The day is saved, the Thunderbolts are a team and everybody’s got their own little drama going on. So all in a day’s work for a first issue.
Comic Rating: 8/10 – Very Good.
This is good, quality, bread and butter superhero comics. Zub does everything by the book and it makes for a very good starting issue. We’ve got the good guys, we’ve got the bad guys, and in a really strong choice, he has the new team cleaning up the mess that was the last team. I thought that was a strong story choice, and gives this issue more than enough of a big bang beginning. It also keeps this debut issue into a done-in-one story. Everything is packaged up nicely, combining hero and team introductions with some well-known and easily understood villains. No complicated new bad guys to introduce. No ongoing story to crowd things out. The choice to be self-contained works exceptionally well.
Zub also does a great job setting up the characters. Everyone has their own, unique personality and some event that kicks off their own personal storyline. He’s also setting up characters interacting, which will hopefully blossom overtime. All the bases are covered, all the thought and care is there. He’s also got that fun angle of Luke Cage and his mayoral team as a unique oversight. I’m loving the whole set up that Zub and his creative team have built here and I look forward to more issues. The art is also exceptionally good, with clear, energetic and pretty traditional comic book artwork.
TL;DR: This is a very strong start to the new series. Everything comes together nicely in a well-written, well-drawn issue that sets up all the characters, pits them against some meaningful villains and establishing the new team with panache.
The Variants #3
Writer: Gail Simone
Artist: Phil Noto
Letterer: VC’s Cory Petit
This story continues to build and be pretty darn exciting. Lots of mysteries to still uncover, and lots of great characters put into use.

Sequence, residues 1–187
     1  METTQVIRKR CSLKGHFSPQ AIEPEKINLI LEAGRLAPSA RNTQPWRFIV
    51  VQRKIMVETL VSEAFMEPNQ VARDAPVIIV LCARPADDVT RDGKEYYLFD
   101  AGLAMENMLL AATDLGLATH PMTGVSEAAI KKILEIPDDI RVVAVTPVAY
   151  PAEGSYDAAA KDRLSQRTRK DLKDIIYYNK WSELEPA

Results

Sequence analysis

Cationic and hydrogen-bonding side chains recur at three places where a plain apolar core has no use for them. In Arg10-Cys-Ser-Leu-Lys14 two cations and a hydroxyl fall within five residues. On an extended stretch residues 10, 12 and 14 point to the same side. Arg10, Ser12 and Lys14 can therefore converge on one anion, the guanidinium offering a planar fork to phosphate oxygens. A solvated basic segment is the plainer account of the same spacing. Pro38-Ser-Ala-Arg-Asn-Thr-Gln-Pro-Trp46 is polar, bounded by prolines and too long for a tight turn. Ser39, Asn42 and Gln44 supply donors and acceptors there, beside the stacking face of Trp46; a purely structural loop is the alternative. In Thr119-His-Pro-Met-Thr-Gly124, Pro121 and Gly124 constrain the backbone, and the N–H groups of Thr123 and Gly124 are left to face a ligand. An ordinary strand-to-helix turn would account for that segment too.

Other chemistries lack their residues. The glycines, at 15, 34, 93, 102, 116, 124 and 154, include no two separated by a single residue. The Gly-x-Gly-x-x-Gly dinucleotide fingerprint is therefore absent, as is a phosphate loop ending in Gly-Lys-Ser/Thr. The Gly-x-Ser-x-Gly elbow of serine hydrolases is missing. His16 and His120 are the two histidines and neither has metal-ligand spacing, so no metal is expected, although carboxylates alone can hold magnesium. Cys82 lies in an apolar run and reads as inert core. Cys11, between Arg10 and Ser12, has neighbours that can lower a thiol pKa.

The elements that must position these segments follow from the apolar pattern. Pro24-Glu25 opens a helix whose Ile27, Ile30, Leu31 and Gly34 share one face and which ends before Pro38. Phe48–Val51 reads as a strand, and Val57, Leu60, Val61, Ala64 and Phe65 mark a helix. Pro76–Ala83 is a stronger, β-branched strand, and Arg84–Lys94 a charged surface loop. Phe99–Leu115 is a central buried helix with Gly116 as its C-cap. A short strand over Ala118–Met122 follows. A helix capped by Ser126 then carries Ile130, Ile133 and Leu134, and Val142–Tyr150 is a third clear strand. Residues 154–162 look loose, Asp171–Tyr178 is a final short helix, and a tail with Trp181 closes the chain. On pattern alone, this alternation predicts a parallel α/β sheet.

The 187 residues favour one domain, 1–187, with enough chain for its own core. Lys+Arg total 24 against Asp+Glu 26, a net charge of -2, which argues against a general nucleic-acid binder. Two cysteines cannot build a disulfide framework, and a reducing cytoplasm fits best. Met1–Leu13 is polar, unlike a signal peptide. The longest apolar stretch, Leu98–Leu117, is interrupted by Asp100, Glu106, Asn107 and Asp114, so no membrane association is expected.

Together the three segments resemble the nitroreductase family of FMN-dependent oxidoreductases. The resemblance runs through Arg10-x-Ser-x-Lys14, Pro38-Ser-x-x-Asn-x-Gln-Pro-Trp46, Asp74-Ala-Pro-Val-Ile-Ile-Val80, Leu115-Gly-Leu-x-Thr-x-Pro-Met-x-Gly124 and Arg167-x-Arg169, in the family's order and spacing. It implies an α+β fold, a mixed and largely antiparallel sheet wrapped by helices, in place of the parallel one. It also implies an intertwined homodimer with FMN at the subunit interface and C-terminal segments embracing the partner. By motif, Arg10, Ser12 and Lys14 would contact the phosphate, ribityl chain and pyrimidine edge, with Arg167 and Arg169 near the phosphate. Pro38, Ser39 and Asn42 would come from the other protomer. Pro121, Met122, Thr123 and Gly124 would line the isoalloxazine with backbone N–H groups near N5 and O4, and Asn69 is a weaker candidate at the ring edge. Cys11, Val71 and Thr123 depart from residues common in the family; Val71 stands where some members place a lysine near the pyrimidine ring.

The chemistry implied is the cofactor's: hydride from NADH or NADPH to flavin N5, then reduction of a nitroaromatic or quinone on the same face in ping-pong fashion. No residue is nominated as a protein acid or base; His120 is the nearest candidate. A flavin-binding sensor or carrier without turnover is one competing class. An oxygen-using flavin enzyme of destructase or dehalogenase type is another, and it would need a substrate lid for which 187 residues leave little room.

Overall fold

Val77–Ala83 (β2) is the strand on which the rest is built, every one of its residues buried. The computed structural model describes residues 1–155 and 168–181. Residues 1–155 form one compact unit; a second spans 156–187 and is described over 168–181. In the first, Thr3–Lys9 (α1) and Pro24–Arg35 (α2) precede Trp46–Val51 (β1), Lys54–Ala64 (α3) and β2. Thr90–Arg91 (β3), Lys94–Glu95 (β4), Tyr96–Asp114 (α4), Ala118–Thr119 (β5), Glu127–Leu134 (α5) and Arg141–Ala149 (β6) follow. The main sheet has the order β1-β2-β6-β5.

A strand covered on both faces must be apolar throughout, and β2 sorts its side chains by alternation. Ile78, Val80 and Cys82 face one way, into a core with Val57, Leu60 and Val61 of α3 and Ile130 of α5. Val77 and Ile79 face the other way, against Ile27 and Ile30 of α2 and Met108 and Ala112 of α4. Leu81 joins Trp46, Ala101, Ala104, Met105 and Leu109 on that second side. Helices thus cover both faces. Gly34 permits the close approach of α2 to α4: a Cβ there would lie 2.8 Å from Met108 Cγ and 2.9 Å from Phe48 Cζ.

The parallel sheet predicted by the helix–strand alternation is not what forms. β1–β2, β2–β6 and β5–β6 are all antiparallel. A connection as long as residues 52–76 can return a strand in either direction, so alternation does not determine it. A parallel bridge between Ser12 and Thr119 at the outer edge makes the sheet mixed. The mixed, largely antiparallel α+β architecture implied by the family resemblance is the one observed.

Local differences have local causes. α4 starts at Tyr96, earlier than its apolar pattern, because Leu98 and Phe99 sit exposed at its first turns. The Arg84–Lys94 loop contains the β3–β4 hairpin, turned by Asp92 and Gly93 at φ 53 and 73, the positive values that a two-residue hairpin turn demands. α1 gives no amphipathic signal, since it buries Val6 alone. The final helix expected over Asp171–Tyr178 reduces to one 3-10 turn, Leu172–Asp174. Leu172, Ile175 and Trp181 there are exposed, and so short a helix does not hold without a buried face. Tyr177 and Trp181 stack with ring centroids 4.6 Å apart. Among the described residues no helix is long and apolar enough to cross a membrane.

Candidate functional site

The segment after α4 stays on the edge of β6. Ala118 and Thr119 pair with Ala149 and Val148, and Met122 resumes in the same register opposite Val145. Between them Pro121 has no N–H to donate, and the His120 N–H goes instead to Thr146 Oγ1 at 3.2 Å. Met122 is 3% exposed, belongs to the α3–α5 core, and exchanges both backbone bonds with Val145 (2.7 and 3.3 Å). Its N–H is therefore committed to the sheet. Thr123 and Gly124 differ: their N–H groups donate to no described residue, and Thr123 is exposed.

Jessica and She-Hulk make peace with the new Jewel variant and start to put the pieces together. Jess has been getting headaches whenever a variant arrives, and that means one is missing. They gather all the variants together at the coffee shop to fill them in on the Purple Man problems and to figure out what’s going on — and Jess receives a secret message not to trust any of these variants, no matter how nice they seem.
Meanwhile, Luke Cage is in hiding with their daughter, and he’s attacked by another variant! Luke beats him up, but not before the variant mentions that he’s being forced to do this and their daughter isn’t safe.
Comic Rating: 9/10 – Great.
This series is just plain great. Simone and Noto are comic superstars for a reason, and here they are crafting a fun, complex and creative Jessica Jones mystery. You just know it’s going to be quality, and it absolutely is. There’s a lot of diversity in the variants, and the arrival of an innocent, trauma-less Jewel is a nice touch. She’s a fun foil for our regular, hard-edged Jess. The scene where they all get together as a crew to work this out is a fun scene, as is the reveal that Jess shouldn’t trust them. That’s a solid third issue stakes raiser. And the arrival of a male variant is handled very well, because we don’t expect it until Luke Cage reveals it. That was a fun final action scene. Everything works in this series and it’s a delight to read.
TL;DR: Another stellar issue of The Variants raises the stakes and finds some really fun and clever ways to push its premise. Top talent creators doing top talent work.
The comics I review in my Hench-Sized reviews are just the usual comics I grab from Comixology any given week, along with a few impulse buys I might try on a whim. So if there are any comics or series you’d like me to review each week, let me know in the comments.